Introduction. Fatigue is the most common and stressful side effect of cancer and its treatments and it occurs not only during these but it is a condition that can persist even many years after the end anti-cancer treatment (Bower E. et al., 2006) interfering substantially with the activities of daily life of the subject (Lavoy E. et al., 2016; (Fatigoni S. et al.,2015). It has been estimated that between 19% and 38% of cancer survivors experience significant levels of fatigue after treatment (ibidem, 2016). It has been shown that the onset and severity of this syndrome is not related to the type of cancer or treatment variables, making it difficult to identify populations with the greatest risk of fatigue (ibidem, 2016; Bower E. et al., 2006; Jones J.M. et al.,2016). Cancer and its treatments could explain the experience of fatigue during the course of the disease while its presence after the end anti-cancer treatment could be caused not only by the side effects of the treatment but also by the representation of the patient’s illness, a concept linked to the coping strategies used (Corbett T. et al., 2016). Knowledge about the presence of fatigue in breast cancer survivors is very limited. This syndrome has been shown to have a 30% prevalence in breast cancer survivors (Alexander S. et al 2009, Andrykosky M. et al., 2005; Reinertsen K.V. et al., 2010). The aim of the study is to assess the impact of fatigue on breast cancer survivors’ quality of life and to assess the relationship between fatigue and patients’ strategies to cope illness. Method. 30 women breast cancer survivors (in follow-up from 1 to 10 years) were tested with the following instruments: Distress Thermometer, EORTC-C30, MINI MAC and Fatigue Severity Scale. Results. The major results show that there is a negative correlation between the fatigue and quality of life (r = -, 618; p = 0.01) and there is a positive correlation between the fatigue and the “anxious preoccupation” coping style( r =, 462; p = 0.05) and “helplessness-hopelessness” (r =, 478; p = 0.01) but there is a negative correlation between the fatigue and fighting spirit (r = -, 427; p = 0.05). Conclusions. The negative association between fatigue and overall quality of life observed in this and other studies highlights the importance of identifying and treating this group of fatigued women. Results from this study also may be useful in improving specific psychological intervention after the end of anticancer treatment.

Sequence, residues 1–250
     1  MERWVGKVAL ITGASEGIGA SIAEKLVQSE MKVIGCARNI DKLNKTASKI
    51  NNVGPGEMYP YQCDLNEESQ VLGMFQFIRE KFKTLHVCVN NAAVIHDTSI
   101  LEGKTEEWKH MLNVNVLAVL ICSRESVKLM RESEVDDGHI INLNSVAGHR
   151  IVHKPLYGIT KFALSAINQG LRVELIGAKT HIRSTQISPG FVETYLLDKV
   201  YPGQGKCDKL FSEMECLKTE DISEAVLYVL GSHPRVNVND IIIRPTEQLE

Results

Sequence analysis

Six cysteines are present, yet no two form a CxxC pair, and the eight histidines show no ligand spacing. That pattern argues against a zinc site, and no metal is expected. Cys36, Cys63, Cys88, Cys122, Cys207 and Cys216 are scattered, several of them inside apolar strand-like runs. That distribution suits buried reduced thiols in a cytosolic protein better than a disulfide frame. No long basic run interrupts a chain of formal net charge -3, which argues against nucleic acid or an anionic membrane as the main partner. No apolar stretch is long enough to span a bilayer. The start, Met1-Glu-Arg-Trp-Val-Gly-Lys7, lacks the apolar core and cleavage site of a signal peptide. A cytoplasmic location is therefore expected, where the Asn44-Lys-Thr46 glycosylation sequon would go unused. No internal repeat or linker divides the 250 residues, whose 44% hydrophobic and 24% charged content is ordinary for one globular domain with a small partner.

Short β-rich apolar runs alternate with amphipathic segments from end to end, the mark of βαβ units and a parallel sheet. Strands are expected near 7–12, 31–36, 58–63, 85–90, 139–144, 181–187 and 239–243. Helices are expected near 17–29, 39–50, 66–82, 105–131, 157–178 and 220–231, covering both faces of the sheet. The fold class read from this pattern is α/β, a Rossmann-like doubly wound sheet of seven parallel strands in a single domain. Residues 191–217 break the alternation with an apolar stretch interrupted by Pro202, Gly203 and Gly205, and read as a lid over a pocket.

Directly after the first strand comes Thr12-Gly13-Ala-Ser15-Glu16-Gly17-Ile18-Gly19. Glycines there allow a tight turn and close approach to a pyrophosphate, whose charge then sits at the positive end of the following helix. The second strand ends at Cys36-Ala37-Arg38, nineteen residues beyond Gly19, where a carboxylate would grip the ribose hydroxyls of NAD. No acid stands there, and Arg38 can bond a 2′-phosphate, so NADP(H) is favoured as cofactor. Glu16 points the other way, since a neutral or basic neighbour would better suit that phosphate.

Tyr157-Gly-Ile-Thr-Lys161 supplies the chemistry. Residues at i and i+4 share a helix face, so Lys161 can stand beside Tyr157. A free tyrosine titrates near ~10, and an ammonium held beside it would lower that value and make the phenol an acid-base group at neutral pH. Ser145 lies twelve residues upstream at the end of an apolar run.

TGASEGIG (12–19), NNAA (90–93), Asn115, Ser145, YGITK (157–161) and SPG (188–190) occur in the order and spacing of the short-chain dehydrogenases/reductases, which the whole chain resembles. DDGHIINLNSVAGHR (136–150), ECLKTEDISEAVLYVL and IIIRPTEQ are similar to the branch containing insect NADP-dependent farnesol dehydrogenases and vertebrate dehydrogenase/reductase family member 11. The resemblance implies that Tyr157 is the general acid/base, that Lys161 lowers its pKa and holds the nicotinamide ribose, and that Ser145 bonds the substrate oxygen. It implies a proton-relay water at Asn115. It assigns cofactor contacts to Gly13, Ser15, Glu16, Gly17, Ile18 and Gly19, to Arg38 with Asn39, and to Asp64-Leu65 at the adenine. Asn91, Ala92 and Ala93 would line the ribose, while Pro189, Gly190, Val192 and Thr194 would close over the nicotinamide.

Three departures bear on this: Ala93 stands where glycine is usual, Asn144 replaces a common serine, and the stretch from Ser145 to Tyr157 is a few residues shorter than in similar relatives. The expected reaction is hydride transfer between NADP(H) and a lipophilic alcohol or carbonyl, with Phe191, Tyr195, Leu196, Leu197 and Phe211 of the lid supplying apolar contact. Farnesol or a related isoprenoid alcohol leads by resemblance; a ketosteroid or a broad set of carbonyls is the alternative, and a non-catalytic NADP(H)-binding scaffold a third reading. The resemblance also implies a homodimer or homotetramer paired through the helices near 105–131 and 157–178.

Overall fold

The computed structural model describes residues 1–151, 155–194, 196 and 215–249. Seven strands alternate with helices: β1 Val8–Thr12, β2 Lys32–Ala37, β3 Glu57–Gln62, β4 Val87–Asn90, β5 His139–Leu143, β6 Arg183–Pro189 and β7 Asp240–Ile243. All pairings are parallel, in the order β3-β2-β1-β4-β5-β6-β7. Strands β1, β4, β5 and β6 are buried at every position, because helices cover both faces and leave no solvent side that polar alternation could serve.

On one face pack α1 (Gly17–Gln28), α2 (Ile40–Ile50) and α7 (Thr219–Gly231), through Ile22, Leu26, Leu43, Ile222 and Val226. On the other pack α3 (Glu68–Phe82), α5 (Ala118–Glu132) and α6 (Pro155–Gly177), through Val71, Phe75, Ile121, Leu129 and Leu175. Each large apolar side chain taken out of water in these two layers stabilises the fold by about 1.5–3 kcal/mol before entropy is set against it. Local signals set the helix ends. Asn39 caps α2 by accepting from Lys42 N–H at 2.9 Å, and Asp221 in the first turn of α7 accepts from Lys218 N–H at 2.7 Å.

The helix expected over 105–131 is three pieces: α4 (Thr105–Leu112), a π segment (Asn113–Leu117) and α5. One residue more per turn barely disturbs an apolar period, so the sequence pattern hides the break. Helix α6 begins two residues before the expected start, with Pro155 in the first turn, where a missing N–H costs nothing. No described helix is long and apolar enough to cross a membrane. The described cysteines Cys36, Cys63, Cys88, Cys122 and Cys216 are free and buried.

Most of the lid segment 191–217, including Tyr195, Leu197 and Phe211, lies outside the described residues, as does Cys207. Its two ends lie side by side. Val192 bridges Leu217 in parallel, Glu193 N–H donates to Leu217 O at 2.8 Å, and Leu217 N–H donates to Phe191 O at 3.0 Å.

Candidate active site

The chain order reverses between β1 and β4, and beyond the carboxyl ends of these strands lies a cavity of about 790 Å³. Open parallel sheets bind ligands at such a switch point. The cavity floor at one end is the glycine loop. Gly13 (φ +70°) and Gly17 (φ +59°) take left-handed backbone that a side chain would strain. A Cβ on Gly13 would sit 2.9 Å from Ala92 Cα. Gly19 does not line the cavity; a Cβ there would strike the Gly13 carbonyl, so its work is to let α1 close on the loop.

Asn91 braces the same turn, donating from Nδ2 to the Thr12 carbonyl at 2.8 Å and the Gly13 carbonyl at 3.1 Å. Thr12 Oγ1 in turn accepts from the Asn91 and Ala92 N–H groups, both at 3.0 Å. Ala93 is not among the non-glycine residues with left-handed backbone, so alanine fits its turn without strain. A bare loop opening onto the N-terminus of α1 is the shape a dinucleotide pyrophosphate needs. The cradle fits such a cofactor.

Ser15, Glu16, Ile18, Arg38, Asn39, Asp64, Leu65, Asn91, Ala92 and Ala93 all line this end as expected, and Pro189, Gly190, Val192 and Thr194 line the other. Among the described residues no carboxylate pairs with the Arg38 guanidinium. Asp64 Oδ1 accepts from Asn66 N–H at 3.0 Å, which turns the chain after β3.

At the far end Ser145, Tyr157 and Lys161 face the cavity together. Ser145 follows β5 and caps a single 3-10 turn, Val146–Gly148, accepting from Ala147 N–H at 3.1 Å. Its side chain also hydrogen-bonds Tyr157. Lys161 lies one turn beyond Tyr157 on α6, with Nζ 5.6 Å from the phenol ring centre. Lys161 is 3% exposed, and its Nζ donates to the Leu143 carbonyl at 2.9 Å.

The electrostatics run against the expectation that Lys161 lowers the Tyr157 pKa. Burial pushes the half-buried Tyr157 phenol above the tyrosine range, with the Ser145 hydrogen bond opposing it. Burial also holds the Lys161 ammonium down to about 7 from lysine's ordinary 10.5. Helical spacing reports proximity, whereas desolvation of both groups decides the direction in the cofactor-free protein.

|Number of pages||1|
|Publication status||Published - 2018|